Amazon puts profits ahead of Seattle homeless
reports on Amazon's attempt to block a head tax on Seattle's richest businesses to help pay for affordable housing--and the response of activists.
TO CITIES wooing Amazon's second headquarters: Beware of what you wish for.
With $1.6 billion in profit in the first quarter of 2018, this still isn't enough for CEO Jeff Bezos. Now Amazon is blackmailing the city of Seattle.
Four members of the City Council recently proposed a modest "head tax" of $500 per year on each employee of the 3 percent top businesses--those that make over $20 million a year--in Seattle. This would provide $75 million for homeless services and "deeply affordable" housing.
Amazon could pay its share of the tax--$20 million--for the next 80 years just out of its first quarter 2018 profit, and Bezos could personally pay it for 650 years out of his net worth of $130 billion.
But instead of supporting this modest levy, Amazon suspended construction on two buildings in downtown Seattle, jeopardizing 7,000 construction jobs, to defeat the tax. As of May 12, Bezos worked out a deal with Mayor Jennie Durkan to cut the tax in half and reportedly planned to re-start construction.
A final City Council vote on the $75 million tax or the mayor's substitute will come soon. This is a classic case of big business using its economic power to control politics and attack the needs of ordinary people.
AMAZON IS the biggest private employer in the city with 45,000 employees, but other businesses have joined the campaign against the tax.
The Downtown Seattle Association has testified against the proposal, claiming that businesses would flee the city if they have to pay this tax. Even businesses too small to pay the tax have lined up against it, asserting that their business would decline if bigger businesses move out.
Businesses made the same claim in opposing Seattle's $15-per-hour minimum wage. In response to the minimum wage increase, a mandate to pay sick leave and other regulations, Fox News has named Seattle a "socialist hellhole."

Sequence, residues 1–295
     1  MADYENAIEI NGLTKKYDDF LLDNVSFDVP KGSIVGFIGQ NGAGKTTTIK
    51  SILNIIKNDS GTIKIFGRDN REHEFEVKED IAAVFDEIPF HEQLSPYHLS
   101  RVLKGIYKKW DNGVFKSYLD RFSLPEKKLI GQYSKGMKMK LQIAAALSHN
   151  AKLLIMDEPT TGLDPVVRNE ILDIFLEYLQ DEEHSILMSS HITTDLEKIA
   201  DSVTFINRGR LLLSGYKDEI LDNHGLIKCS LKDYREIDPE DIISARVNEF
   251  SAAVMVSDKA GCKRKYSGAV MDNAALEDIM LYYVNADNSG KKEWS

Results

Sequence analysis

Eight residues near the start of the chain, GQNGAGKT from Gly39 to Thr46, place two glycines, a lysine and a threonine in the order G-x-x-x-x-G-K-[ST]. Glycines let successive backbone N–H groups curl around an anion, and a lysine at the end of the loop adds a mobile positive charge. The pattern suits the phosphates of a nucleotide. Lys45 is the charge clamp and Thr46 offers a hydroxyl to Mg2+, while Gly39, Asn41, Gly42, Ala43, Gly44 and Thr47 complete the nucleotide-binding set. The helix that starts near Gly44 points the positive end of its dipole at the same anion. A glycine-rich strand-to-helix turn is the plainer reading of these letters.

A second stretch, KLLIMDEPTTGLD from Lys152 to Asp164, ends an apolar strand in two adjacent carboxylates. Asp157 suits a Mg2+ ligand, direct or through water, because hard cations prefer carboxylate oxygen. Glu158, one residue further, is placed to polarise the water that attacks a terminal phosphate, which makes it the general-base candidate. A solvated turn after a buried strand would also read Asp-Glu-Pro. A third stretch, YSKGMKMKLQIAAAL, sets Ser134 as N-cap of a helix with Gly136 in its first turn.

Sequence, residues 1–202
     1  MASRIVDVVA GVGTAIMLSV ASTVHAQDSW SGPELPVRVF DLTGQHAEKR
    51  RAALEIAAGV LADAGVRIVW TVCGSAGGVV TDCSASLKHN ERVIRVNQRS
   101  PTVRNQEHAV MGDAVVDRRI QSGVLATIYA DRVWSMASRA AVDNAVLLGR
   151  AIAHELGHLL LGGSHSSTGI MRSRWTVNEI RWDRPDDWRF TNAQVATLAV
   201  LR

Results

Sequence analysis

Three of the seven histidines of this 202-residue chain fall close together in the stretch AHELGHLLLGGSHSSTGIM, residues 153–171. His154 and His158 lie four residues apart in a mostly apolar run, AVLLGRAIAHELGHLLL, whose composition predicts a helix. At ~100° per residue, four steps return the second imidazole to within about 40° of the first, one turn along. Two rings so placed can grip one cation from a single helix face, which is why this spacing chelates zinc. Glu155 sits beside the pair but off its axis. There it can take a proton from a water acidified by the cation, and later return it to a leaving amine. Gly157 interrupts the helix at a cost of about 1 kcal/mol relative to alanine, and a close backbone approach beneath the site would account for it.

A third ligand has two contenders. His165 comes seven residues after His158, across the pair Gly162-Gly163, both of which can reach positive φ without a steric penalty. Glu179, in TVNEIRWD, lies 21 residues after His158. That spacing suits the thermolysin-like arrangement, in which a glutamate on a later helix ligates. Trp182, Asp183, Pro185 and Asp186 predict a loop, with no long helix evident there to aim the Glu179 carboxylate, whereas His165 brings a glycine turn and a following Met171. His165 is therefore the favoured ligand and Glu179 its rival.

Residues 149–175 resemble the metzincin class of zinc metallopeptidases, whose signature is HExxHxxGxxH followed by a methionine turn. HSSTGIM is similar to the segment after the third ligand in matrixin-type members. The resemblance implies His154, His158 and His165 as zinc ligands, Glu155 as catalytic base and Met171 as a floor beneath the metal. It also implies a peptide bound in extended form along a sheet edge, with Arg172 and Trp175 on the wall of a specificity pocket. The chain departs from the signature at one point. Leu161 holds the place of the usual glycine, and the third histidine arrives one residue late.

Yet Seattle is a capitalist boomtown, with construction cranes everywhere and new residents moving in every day. Seattle is certainly not a hellhole for the capitalists. And it certainly isn't socialist for the workers and the poor.
In fact, Seattle is one of the most unequal cities in the country. Some 13 percent of Seattle's households, nearly 100,000 people, make less than $30,000 per year while 15 percent make over six times as much--more than $200,000.
AS IN other U.S. cities, homelessness is a severe problem in Seattle. Nearly 1 percent of Seattle's population is without regular housing. The yearly "One Night Count" in January 2017--in which the Seattle/King County Coalition on Homelessness tallied the number of homeless in the city--found 3,857 people sleeping outside in the city.
When you take into account people in in shelters and other temporary housing, the 2018 One Night Count found over 11,000 homeless people in the county as a whole, with half of those in Seattle. The city declared its own official Homelessness State of Emergency in 2015, though homelessness has only risen since then.
Many city policies actually hurt the homeless. The police "sweep" homeless camps, sending residents to the wind often after confiscating their belongings. They ticket car campers and arrest people sitting on the sidewalk. So far this year alone, 42 homeless people have died on the streets of Seattle, according to Women In Black.
An independent study of homelessness commissioned by the Chamber of Commerce concluded that the county would need to spend $400 million per year to solve the homelessness crisis. "Seattle and King County could make the homelessness services system run like a fined-tuned machine," the report issued in May concluded, "but without dramatically increasing the region's supply of affordable housing options, solving the region's homelessness crisis is all but impossible."
The Chamber hasn't yet been able to explain why its own study contradicts its position against the tax.
One of the chief causes of homelessness is high rent. Average rent in Seattle in April was over $2,000 a month with one-bedroom apartments going for $1,98. This is a 57 percent increase since 2011.
Yet wages, especially for lower-wage workers, haven't gone up nearly this much. Higher rents and continued low wages are pushing people out of Seattle. This in turn is aggravating the transportation crisis with more people having to commute longer distances to get to work in Seattle.
This is especially hard on people of color who make up a disproportionate number of the poor and homeless. The gentrification of Seattle, like San Francisco, has also resulted in a declining percentage of people of color in the city.
LAST FALL, more than a dozen organizations, including the Transit Riders Union and the Real Change Homeless Empowerment Project, joined together to form the Housing for All--Stop the Sweeps Campaign.
When the Progressive Revenue Task Force developed a proposal for the head tax, this coalition and others began organizing in favor for the tax, with hundreds of people turning out to City Council hearings and holding rallies.